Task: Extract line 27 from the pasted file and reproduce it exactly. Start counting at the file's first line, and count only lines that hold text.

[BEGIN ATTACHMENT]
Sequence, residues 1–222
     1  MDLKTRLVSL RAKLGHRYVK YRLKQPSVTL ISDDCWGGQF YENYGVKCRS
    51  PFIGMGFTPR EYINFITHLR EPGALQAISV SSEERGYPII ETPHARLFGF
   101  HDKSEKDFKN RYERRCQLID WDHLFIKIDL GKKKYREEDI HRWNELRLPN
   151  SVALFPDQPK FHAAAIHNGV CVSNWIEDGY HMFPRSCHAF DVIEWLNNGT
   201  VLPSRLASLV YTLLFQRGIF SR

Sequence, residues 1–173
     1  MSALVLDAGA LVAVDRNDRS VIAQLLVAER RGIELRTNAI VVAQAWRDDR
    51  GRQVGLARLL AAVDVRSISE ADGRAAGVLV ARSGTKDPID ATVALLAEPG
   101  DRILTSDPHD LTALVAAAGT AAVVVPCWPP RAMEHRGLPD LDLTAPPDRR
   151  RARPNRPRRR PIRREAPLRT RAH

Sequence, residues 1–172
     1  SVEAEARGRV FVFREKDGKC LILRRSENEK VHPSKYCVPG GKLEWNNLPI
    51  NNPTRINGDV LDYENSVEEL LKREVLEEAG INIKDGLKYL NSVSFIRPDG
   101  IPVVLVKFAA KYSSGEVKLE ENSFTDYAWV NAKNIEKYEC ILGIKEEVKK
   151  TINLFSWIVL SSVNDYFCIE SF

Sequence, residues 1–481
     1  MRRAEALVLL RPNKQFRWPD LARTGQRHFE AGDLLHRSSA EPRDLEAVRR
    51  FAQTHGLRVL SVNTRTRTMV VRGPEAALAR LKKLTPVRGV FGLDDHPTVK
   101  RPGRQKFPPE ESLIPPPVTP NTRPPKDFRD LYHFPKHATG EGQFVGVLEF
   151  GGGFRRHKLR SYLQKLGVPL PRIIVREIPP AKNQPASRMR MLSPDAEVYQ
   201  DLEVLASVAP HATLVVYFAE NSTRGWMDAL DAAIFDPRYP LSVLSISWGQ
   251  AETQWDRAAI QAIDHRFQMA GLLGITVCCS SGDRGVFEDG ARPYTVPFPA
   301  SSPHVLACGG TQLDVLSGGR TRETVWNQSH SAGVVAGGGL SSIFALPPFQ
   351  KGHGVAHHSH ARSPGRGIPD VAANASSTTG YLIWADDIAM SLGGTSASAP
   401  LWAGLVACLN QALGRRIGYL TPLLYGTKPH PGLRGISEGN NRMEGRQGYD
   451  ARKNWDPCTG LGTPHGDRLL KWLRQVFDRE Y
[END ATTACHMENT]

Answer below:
   451  ARKNWDPCTG LGTPHGDRLL KWLRQVFDRE Y